Attempts to go beyond the single structure approximation by ensemble or trajectory averaging have a long history [53][55]. In these studies, the molecular dynamics (MD) force field is not only used to complement the absence of structural information, but also the motion observed in the MD trajectory is employed as a model to explain dynamical features. Adding a pseudo-potential for the experimental data in an MD simulation perturbs the dynamics in a non-predictable manner, making a detailed analysis of the resulting trajectories difficult. For example, the ensemble of structures generated in such a way cannot be expected to have the correct relative free energy weighting for each ensemble member.

NMR is an ideal tool for probing dynamics occurring across a broad hierarchy of time-scales. Difficulties occur in the specific interpretation and quantification of the dynamic processes being observed. Raw experimental NMR data can provide detailed information concerning dynamically active regions in the system occuring on a particular time-scale (see Figure 2). However, this information is encoded in a complex manner and does not directly provide specific information about the molecular motions. To this end, experimental NMR data is complemented by the use of geometric models and increasingly by MD simulation to characterize at an atomistic level local dynamic processes and complex structural transitions.


Figure 2. Time-scales, molecular motions (first panel), NMR experiments (second panel), and NMR parameters (bottom panel).

Molecular motions at a particular time-scale can be probed by analysing the NMR observables in the bottom panel by using the appropriate NMR experiments (see text). Indicated are the extreme cases, folding/unfolding (which can be observed with hydrogen exchange saturation via the chemical shift) and fast local dynamics (observed with spin relaxation experiments through measurements of the relaxation times T1, T2, and the NOE between the amide nitrogen and the amide proton). The cone indicates, in a qualitative way, the spatial extension of the motion described by the N-H group.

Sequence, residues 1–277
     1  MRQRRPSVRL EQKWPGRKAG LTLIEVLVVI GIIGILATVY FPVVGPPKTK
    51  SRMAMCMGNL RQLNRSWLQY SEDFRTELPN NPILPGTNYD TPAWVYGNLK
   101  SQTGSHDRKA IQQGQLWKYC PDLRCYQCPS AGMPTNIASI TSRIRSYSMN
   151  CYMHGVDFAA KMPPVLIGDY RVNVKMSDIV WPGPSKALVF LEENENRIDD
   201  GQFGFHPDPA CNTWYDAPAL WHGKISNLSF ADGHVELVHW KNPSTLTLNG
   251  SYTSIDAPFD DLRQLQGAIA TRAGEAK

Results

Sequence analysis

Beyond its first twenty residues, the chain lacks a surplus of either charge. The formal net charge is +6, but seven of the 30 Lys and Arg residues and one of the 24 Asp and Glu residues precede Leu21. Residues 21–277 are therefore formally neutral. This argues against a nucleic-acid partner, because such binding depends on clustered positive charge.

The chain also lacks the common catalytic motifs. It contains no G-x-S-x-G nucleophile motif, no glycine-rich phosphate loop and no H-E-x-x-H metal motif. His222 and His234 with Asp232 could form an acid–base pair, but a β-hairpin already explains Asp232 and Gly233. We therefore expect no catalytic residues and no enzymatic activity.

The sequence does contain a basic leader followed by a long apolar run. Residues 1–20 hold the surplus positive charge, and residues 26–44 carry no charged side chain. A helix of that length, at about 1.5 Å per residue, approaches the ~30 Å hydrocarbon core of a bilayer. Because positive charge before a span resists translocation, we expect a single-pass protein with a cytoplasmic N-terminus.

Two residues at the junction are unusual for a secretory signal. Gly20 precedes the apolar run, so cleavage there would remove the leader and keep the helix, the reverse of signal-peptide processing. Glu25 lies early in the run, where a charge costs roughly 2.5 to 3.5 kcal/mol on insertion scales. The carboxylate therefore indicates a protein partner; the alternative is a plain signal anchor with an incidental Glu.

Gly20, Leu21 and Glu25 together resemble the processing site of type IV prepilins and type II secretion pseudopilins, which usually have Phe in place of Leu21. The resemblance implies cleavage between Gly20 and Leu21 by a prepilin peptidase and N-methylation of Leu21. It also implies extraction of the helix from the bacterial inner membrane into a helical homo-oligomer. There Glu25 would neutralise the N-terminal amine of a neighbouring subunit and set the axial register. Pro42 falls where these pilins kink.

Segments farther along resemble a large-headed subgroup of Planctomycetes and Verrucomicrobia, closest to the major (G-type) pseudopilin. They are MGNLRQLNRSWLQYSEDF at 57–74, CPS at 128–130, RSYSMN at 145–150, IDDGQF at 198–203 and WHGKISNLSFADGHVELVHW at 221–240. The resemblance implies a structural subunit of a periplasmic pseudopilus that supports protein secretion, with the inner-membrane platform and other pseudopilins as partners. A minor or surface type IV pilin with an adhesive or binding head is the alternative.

Fast time-scale local motions.

Precise information about local dynamics on pico- to nano-second time-scales can be obtained by spin relaxation measurements. Spin relaxation has been used to study fast time-scale dynamics in proteins for several decades, but the study of fast motions remains a rapidly developing and exciting field employing an increasing variety of experimental and theoretical methods. The importance of fast time-scale dynamics is often under-estimated: fast time-scale motions act to stabilize the protein in its folded state, and their presence is a necessary pre-requisite for slower time-scale dynamics involving large-scale collective motions [56].